What got into my head? During a relative lull in interesting sounding sessions at Enterprise 2.0, I decided to attend the session run by Linden Labs entitled “The Virtual Enterprise: The Future of Work”.

At the session Linden Labs announced Second Life Enterprise, a behind-the-firewall private virtual world for within an organization. And yes, just to comply with the theme du jour, it’ll have an app store.

For $50000 you can get yourself a pair of servers dedicated to running your very own Second Life. Apparently, and according to Linden Labs, 2009 is “a breakout year for collaboration” – funny, I thought it was a breakout year to focus on efficiency, cut costs, get more productive and move away from the kids-on-crack hype.

It seems I was wrong.

second life enterprise

So they’re actually serious (I checked my diary just in case we’d swung around to April 1) – Linden say that “Virtual worlds are the best alternative to face-to-face interaction” – in the session the audience were asked how many people had engaged in video conferences (everyone had) and how many had a good experience doing so (pretty much no one). Linden then effortlessly glided to the conclusion that virtual worlds would change all that. All because itcomes complete with both a lunar landscape and a spaceship environment. Oh my!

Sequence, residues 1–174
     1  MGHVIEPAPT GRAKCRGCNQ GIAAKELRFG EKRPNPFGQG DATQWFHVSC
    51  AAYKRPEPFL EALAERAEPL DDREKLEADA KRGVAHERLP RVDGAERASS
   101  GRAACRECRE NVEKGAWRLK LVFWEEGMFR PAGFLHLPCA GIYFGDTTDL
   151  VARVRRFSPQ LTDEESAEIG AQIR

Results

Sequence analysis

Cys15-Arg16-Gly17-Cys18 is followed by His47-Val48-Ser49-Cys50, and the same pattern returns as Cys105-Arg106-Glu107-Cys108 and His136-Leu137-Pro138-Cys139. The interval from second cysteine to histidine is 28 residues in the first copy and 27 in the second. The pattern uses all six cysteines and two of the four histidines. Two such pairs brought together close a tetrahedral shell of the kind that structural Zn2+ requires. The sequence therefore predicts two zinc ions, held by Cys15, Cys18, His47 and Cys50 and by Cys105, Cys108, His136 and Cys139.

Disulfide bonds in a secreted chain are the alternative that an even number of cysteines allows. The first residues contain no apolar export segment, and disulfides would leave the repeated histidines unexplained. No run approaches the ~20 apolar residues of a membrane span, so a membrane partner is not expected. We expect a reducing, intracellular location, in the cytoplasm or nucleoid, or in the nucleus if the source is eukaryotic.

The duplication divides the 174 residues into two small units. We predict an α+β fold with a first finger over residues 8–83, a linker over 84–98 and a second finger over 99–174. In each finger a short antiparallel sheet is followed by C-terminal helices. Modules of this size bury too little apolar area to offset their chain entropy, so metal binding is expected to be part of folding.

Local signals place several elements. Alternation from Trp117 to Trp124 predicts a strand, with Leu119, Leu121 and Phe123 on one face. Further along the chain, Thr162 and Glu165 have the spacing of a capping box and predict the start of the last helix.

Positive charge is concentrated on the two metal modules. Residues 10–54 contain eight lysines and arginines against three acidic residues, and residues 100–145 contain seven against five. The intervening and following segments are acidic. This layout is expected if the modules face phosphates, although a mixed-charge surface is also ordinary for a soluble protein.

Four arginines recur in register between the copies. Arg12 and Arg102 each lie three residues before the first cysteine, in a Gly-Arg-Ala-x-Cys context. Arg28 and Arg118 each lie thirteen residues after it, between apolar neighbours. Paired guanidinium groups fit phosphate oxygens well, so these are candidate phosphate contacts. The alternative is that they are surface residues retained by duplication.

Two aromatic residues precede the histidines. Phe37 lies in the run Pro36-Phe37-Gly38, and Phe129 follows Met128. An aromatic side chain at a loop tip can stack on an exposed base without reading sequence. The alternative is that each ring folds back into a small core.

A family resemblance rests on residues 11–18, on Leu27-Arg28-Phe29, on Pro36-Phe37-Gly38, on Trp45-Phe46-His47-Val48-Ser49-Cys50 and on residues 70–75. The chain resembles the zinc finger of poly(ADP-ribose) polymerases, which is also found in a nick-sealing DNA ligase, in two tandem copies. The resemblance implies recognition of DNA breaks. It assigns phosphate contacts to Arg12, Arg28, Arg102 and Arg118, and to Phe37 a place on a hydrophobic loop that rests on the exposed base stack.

It seems others have got a little hot and bothered about the opportunities these sorts of offerings give to the enterprise. In one case it’s Farmville for business – Oy Vey!

Now if Linden were selling a product that enabled the distributed virtual design of prototypes of real products maybe I’d buy into their schtick – but they’re not – it’s all just about selling crack – except at least with crack you get the initial high.

Linden rolled out some customers who use Second Life Enterprise – namely the US Navy and IBM. Bear in mind that one is an inefficient behemoth trying to find its way in a world and spending great sums of cash earned from a legacy offering while the other is an inefficient behemoth trying to force its way in the world and spending great sums of cash earned from taxpayers ill equipped to pay. Not exactly an example of cutting edge, nimble and focused case studies.

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Ben Kepes

Ben Kepes is a technology evangelist, an investor, a commentator and a business adviser. Ben covers the convergence of technology, mobile, ubiquity and agility, all enabled by the Cloud. His areas of interest extend to enterprise software, software integration, financial/accounting software, platforms and infrastructure as well as articulating technology simply for everyday users.

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